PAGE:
Harry’s own memory of his first thespian fame was more modest, recording that ‘my language at this period was of such a very dubious and incomprehensible character that the audience had to be furnished with a copy of the words which I was supposed to be singing’. If his diction left something to be desired, his enthusiasm did not. In Fortunio, when he had to slay the dragon (Mark Lemon) he feared that ‘Uncle Mark must have felt the effects of it for some time after’.
The theatre was all around these children. Although they took no part in the serious dramas of The Frozen Deep and The Lighthouse, Harry at least had the important responsibility of tearing up bits of paper for snow in the arctic scenes. Whether Harry inherited his love of the theatre from his father, or whether it was acquired by example, is of no matter. It was there from his earliest years.
After Dickens’s death, Harry, Mamie and Georgina set up house together in London. because of their intimacy with all Dickens’s literary, artistic and theatrical friends they knew everybody who made the lively world tick.
In another part of London there was another family – that of M. Antonin Roche. M. Roche was French. He had married a German wife, Emily Moscheles. She was a consummate pianist and had been a pupil of Chopin. That she was musical was not surprising because her father was Ignaz Moscheles, friend and pupil of Beethoven, Director of the Conservatoire of Music in Leipzig. That same Ignaz Moscheles had been tutor to Dickens’s sister, Fanny, at the Royal Academy of Music. Emily’s brother, Felix, was an artist of some considerable repute.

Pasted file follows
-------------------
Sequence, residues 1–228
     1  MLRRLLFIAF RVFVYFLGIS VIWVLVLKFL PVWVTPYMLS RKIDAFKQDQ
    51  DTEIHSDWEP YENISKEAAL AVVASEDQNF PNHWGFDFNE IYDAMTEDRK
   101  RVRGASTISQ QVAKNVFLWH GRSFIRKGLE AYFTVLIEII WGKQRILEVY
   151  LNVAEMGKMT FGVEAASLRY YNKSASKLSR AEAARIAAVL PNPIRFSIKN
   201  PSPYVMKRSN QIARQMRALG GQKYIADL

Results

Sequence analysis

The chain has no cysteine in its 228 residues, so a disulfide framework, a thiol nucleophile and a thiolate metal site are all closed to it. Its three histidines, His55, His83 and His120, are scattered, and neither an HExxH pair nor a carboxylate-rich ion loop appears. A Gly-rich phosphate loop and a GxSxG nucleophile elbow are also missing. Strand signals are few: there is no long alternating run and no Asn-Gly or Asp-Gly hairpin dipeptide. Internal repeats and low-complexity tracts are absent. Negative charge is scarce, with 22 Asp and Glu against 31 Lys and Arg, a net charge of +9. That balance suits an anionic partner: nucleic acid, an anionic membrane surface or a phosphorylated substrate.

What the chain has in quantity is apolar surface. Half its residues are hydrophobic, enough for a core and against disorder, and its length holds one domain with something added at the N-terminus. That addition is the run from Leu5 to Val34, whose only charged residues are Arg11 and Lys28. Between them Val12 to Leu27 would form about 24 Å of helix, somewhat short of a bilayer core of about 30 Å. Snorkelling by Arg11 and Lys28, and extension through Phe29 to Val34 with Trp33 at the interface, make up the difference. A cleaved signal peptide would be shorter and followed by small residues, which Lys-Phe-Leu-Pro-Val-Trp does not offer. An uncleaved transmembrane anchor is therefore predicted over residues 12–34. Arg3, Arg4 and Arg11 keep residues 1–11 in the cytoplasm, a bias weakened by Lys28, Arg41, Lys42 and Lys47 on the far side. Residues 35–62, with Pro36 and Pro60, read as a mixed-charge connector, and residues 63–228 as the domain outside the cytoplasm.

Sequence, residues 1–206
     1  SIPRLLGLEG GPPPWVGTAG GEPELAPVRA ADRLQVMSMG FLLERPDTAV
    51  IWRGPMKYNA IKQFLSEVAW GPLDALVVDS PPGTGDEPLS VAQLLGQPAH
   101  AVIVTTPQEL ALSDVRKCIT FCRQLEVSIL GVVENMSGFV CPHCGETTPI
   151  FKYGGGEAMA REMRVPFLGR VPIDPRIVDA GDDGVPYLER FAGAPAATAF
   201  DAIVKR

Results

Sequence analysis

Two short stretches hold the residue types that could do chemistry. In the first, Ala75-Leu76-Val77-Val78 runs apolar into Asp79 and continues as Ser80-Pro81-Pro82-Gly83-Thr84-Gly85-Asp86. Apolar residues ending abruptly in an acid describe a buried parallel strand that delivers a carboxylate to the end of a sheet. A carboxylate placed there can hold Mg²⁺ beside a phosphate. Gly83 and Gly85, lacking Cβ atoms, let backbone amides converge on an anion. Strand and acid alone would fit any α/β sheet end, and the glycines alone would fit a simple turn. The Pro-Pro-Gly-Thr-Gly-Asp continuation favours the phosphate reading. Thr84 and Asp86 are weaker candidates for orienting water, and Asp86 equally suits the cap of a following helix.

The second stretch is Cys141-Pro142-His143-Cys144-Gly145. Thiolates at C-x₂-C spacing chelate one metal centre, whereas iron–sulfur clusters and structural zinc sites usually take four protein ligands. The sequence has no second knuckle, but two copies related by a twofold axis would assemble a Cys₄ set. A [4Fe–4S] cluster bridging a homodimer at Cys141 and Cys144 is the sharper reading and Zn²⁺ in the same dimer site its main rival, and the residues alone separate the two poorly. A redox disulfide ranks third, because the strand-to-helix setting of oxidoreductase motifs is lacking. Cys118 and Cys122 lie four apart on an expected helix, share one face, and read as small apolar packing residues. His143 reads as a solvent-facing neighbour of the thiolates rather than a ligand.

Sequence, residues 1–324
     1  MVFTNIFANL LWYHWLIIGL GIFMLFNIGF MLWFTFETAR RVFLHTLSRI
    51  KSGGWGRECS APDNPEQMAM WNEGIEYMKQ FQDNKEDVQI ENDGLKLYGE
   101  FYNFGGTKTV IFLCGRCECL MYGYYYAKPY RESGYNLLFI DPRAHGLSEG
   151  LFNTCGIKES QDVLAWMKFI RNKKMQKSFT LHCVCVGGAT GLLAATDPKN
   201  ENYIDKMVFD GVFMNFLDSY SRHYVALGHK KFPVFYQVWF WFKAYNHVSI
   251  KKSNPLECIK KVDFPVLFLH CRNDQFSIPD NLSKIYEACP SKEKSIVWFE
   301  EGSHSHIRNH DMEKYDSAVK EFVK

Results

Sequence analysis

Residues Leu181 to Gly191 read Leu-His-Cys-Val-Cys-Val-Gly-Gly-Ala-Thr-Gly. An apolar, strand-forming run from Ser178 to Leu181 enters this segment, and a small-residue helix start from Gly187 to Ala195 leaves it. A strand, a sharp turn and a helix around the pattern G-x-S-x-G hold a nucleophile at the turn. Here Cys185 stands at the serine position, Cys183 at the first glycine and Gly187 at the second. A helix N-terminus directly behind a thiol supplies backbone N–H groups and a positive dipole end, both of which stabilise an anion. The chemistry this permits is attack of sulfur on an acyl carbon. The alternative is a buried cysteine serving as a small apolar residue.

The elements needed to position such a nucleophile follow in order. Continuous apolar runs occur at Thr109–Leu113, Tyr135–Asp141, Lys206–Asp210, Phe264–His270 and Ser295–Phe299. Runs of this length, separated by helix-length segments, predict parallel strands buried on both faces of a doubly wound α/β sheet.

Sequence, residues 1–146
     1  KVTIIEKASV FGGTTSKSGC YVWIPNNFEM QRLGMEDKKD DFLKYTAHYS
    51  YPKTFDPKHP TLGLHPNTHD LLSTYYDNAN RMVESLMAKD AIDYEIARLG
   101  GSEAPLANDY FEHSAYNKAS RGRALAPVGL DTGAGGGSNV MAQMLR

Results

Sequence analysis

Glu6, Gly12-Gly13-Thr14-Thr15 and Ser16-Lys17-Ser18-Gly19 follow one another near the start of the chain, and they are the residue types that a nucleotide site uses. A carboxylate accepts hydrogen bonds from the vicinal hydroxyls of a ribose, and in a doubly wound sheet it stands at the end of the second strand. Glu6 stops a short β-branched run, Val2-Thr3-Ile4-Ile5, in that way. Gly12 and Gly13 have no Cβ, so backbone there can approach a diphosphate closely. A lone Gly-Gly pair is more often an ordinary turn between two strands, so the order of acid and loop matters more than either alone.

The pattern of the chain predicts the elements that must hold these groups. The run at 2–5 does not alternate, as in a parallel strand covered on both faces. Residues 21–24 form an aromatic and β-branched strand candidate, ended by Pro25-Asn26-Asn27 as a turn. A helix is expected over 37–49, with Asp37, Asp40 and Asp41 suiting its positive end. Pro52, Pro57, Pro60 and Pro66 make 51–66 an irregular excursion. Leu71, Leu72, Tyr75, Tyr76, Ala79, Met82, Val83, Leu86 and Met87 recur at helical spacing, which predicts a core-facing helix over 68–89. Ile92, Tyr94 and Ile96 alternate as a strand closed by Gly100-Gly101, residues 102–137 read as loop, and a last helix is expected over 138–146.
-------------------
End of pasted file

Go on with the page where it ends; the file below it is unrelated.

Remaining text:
Antonin and Emily had nine children. The eldest girl was Marie. There were four older brothers and four younger brothers and sisters.
So the Roches, too, were an artistic family. They, too, knew everybody who made the lively world tick. The nine children were themselves lively – a close, loving family of enormous enthusiasms, the greatest of which was their love of the theatre. They were forever putting on plays. Their dearest friend was Charles Fechter, who was not above helping them in their youthful productions. The play of his that they enjoyed most was Fanfan La Tulipe in which he brought his horse, Minerva, onto the stage and did a cross-talk act with her. The children loved that horse, and they had, too, a particularly high regard for the kindness of Mr Charles Dickens because when the run was over, Minerva was given the sanctuary of the paddock at Gad’s Hill in which to live out her days.